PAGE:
ALTHOUGH governing officials continue to rail against Israel on social media, many things continue on as normal behind the scenes. Oil is still being shipped from Ceyhan to Israel. Even though two opposition parties sought to end the agreement that Jerusalem and Ankara signed in 2016 normalizing their relations years after the Mavi Marmara incident had cooled them, the ruling Justice and Development Party (AKP) stood by the agreement.
In Turkey the media has barely reported that the Knesset may recognize the Armenian genocide. Anadolu News Agency, which represents the government’s view, does not contain a story on the issue and neither does Daily Sabah. Hurriyet, Turkey’s most popular daily paper, which is more critical of the government, has one article on it.
Turkish media prefers stories highlighting Israeli settlement growth or protests against Israel in the US. Wrath has turned against the US instead, with the Turkish president claiming that the US had “reduced its reputation to zero” because of its Jerusalem decision.
The dialing down in rhetoric just a week after anger had reached new heights reflects Turkey’s myriad other concerns. The AKP rolled out its election manifesto on Thursday, May 24. The country has a stalled economy and rising inflation as its currency weakens; it also has to manage its involvement in the Syrian conflict.
The lasting effects of anti-Israel rhetoric and discussion of “Jews” by politicians, however, lead to increasing antisemitism online. A quick search of “yahudiler” – meaning “Jews” in Turkish – shows tweets blaming Jews for ruining the economy and asserting that the UAE is run by “crypto-Jews.” Other tweets claim Jews and Zionists secretly control Manchester University and that they ruin Ramadan.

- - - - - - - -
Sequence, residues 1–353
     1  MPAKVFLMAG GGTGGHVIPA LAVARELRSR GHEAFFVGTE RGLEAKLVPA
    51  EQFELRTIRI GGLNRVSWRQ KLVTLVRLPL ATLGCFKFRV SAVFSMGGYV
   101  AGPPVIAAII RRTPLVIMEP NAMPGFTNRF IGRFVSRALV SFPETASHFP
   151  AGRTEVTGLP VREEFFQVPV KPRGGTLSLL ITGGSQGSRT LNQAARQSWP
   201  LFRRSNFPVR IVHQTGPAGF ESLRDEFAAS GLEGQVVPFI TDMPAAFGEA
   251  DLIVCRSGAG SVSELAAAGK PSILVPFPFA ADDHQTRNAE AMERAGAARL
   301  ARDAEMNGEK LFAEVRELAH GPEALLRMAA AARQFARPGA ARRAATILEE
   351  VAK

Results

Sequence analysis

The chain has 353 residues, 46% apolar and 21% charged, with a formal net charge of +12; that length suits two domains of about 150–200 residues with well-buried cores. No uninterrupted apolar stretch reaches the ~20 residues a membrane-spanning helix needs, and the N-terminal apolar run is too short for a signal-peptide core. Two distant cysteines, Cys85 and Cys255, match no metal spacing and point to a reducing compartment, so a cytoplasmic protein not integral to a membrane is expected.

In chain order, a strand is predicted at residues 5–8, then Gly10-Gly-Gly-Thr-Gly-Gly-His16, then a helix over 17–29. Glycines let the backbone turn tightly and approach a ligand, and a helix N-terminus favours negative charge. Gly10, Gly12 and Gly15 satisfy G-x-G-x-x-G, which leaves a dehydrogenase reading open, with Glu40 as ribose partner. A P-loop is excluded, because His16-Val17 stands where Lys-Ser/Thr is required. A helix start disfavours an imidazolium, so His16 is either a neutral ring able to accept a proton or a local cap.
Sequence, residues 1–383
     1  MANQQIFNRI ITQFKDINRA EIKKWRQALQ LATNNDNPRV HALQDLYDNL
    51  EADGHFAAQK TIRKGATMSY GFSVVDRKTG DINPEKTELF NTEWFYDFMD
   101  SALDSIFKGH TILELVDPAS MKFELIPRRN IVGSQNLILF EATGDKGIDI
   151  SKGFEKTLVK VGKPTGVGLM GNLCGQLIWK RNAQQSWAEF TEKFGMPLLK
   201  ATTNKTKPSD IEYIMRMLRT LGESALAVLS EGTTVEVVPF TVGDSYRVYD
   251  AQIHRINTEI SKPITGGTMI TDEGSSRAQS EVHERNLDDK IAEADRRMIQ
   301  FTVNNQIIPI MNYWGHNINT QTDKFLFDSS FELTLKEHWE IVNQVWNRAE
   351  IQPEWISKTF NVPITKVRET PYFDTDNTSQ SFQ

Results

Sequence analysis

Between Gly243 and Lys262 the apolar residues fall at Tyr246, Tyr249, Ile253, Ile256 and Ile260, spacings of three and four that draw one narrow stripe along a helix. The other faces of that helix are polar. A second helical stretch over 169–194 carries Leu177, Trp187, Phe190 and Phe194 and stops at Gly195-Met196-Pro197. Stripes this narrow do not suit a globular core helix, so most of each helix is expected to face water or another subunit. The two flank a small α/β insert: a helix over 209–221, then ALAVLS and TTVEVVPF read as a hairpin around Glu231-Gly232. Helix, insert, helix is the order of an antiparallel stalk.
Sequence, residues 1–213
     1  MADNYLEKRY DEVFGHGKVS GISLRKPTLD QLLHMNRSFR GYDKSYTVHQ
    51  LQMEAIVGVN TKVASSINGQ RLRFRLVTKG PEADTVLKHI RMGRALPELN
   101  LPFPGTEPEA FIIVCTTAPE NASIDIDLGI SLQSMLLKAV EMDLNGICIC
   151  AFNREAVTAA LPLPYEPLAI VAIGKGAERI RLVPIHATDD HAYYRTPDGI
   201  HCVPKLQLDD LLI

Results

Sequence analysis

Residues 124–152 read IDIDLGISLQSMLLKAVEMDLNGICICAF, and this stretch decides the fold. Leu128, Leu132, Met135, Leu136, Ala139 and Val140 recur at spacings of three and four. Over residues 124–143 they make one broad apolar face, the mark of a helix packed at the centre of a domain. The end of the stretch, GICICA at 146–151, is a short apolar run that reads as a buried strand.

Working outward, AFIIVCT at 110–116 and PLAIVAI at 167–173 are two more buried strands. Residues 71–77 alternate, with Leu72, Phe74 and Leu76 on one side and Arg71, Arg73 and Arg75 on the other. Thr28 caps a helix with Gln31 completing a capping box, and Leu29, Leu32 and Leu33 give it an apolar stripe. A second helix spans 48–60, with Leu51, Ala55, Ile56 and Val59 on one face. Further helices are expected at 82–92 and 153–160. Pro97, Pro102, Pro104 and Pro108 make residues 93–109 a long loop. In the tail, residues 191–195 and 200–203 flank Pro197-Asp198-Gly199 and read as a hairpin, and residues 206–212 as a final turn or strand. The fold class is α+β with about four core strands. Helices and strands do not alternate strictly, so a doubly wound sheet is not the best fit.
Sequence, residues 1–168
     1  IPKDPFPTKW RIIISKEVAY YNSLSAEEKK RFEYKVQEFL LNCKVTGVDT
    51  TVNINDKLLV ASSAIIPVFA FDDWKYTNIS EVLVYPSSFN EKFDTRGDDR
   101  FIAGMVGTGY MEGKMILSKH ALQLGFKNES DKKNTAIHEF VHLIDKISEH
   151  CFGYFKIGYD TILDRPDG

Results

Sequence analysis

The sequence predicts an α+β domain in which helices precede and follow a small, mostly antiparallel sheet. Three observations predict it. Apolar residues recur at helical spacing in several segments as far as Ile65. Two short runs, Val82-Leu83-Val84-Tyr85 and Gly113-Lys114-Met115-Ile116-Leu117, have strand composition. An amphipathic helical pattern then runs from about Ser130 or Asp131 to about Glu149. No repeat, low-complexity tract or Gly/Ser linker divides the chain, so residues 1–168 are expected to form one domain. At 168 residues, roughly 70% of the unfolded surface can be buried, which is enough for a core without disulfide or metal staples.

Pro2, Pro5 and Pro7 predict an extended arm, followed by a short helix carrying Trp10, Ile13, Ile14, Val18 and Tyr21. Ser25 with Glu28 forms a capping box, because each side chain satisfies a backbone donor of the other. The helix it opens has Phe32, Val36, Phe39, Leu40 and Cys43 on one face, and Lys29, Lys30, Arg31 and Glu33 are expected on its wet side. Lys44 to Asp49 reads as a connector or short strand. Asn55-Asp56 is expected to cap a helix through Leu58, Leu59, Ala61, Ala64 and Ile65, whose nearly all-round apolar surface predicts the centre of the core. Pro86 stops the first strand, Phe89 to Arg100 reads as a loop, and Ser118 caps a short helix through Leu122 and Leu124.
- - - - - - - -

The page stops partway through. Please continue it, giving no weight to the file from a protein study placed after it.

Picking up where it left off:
But the worst antisemitic article was run on May 18 in the daily Yeni Safak, known to be a hardline supporter of both Erdogan and AKP. It described “ruthless, soulless Jews” who spill the “blood of the innocent.” The article claimed Jews “took Americans and Europeans as prisoners to establish hegemony over the world” and that “the American deep state is controlled by Jews.”
The author, Yusuf Kaplan, concludes that “the Jews must be stopped immediately.” The newspaper has 750,000 followers on Twitter; Kaplan has 356,000. On May 21 he published a second article claiming that Jews and the British created the “global system” of capitalism. Such articles published openly and without critique do not bode well.
Despite these examples, Turkey has officially been outspoken against antisemitism and the Holocaust. It’s foreign ministry has sent high-level delegations for years to the Holocaust remembrance ceremonies at Auschwitz.
As the country heads towards elections, one of the many issues it faces is whether politicians will use populist incitement against Israel and Jews, or work towards a more inclusive society instead.